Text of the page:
Case - Published 4.7.2014
For a long time, the paper, board and pulp industry has contributed approximately two-thirds of the value of the Finnish forest industry. The majority of production is sold as exports. One-fifth of Finland’s export revenue comes from the forest industry. The industry is referred to as “the cornerstone of Finnish exports” for good reason.
Before wood is turned into paper or board, its solid structure is broken into pulp. Timber arriving at the plant is debarked and chipped, and the resulting chips are then cooked in a chemical solution. The binding and adhesive agents which hold wood fibres together are dissolved, and the chips turn into pulp.
After cooking, the brown mass is washed and bleached over several stages. After bleaching, the pulp is dried, and surplus water is evaporated from it. The dried pulp is cut into sheets and baled, and the bales are combined into larger units of 1,000 or 2,000 kilograms for transportation. The journey of wood from the chip pile to pulp takes approximately 16 hours.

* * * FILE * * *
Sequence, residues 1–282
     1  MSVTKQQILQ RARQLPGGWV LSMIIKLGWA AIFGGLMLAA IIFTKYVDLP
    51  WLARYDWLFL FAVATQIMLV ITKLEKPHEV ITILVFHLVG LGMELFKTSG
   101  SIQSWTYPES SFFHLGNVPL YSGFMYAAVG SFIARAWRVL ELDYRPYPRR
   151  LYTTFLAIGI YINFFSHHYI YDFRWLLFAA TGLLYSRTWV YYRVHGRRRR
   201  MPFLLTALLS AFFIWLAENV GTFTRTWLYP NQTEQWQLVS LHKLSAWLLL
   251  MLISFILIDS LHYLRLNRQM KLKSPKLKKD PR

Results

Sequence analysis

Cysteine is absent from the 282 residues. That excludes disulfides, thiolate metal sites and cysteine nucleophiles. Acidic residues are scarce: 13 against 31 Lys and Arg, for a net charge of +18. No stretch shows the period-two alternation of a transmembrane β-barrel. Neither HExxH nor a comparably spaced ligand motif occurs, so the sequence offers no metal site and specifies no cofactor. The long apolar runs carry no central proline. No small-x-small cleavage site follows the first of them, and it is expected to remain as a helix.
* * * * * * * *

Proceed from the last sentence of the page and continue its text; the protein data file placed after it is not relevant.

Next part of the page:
Coniferous trees have long fibres, which improve the strength of paper. The short fibres of deciduous trees make smooth paper and board with good weight properties.
Wood is utilised very efficiently in the pulp manufacturing process. In addition to fibres, pulp factories produce tall oil, turpentine, electricity and steam. Pulp plants produce wood-based bioenergy for their own needs and enough surplus for selling to local residents or to the national grid. The forest industry is by far the largest producer of bioenergy in Finland.
The chemicals and water used in the process are recycled efficiently and reused in different stages of the pulp process. Wastewater is recycled multiple times before it is finally purified at the effluent treatment plant of the pulp mill. The water treatment facility reduces the fertilizer load of water areas and the number of oxygen-depleting substances. This prevents eutrophication and oxygen depletion.
The product portfolio contains a postcard made from pulp produced at the Rauma plant of Metsä Group.
Text and photos are from the info cards in the presentation briefcase on the Finnish forest sector. The idea of a briefcase with various kinds of samples to present this diverse sector came from the young people themselves. The briefcase has been handed out at visits to upper secondary schools.
More information on the briefcase and visits: vilma.issakainen(@)smy.fi and anne.kettunen(@)forestindustries.fi.